Digital Strategy in a Recount: The Secret Ingredient Your Campaign Needs
April 2021 | by Anthony Pileggi
There are thousands of books about professional development out there. With topics ranging from leadership to productivity to working with various types of personalities, deciding where to start can be a bit overwhelming.
Don’t worry, we’ve got you covered.
Our senior staff has rounded up their top picks for this month, all of which relate to an important but often overlooked topic in the workplace: Improving office culture to boost team performance.
Ethan Eilon, President
The key to building a more productive team is simple — change a few habits.
At its core, The Power of Habit illustrates how changing habits can have monumental effects on the inner workings of an organization. Duhigg demonstrates that habits aren’t concrete, and that disrupting just one or two habits snowball into larger waves of measurable change.
The Power of Habit serves as a manual to breaking the powerful habit loop and unlocking your team’s full potential.
At IMGE, we have been working to pinpoint opportunities to build positive habits throughout our company, such as scheduling daily standing meetings to help prioritize current and upcoming projects. Teams have quickly seen the organizational and productive benefits of instituting this one habit.
Megan Foote, Executive Vice President
If you find that your company spends a lot of time and money on traditional HR services and perks to motivate employees, but aren’t seeing much return on investment with their performance, this is a must-read for you.
In Powerful: Building a Culture of Freedom And Responsibility, Patty McCord suggests a much different approach to creating a culture of high performance and profitability. She suggests companies focus on developing an environment where staff is excited, innovative, and love where they work by limiting internal bureaucracy.
McCord shares insights from her experience helping build Netflix’s unique and high-performing culture which companies can and should apply to improve their culture and boost productivity.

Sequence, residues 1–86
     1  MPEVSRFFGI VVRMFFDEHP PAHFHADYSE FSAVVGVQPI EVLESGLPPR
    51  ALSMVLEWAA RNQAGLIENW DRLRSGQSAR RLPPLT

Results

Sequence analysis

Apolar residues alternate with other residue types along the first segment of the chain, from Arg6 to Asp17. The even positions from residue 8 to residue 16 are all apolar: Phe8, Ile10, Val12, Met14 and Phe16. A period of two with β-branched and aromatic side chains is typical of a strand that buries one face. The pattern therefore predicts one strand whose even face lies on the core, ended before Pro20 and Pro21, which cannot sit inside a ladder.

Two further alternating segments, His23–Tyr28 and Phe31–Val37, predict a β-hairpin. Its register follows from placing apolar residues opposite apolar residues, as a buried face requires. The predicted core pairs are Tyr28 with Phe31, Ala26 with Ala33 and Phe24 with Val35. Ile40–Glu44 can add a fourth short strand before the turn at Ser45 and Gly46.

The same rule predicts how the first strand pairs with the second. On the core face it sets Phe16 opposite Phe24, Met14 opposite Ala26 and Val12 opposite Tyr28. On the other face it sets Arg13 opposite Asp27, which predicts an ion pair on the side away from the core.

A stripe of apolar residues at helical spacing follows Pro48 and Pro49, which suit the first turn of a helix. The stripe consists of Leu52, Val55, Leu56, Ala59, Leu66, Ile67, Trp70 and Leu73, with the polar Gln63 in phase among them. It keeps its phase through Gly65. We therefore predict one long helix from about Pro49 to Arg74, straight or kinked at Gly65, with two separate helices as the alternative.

As IMGE continues to grow and onboard new team members, growth with less bureaucracy is a top priority. To illustrate this, we recently implemented a “take what you need” PTO policy and are working to create a team environment where top culture values thrive organically.
Gerrit Lansing, Senior Partner
In this thrilling narrative that switches between dark, confusing days fighting Al Qaeda in Iraq in the mid-2000’s and a history of corporate America’s organizational evolution through the 20th century, McChrystal traces a new model for a new organization in a complex world.
The organizational concepts in Team of Teams can be translated across any industry. By practicing radical transparency so that all levels of the entire team understand the day-to-day mission and priorities you can push decision making down to the sergeant level.
Team of Teams offers a blueprint for structuring organizations to become adaptable to any scenario – which, as McChrystal argues, should be the primary focus of all companies and organizations today.
Following that blueprint, we restructured IMGE at the end of 2017 into a team of teams where each team possesses all the necessary tools to service client needs and can create comprehensive solutions that solve problems. No more silos where work is handed off between one section of the company to another. Each team is adaptable, informed and empowered to act at whatever speed necessary.
Ryan Lyk, VP of Client Services
Since childhood, we are taught to live by the Golden Rule, but it could be making us terrible managers. Radical Candor turns conventional management on its head and explores the concept that being a good boss requires two things: caring personally and challenging directly.
Doing neither is catastrophic, but doing both allows managers to build better relationships with their coworkers and create a stronger, more cohesive team.
Applying the ideas in Radical Candor creates a culture of feedback, both praise and criticism, which in turn produces a higher quality of work.
We have implemented radical candor at IMGE through peer-rated mock presentations. During these mock presentations, staff members review another team’s performance before the team presents to an actual client. It has increased employee confidence while presenting, and has helped to identify team strengths as well as potential areas for growth.
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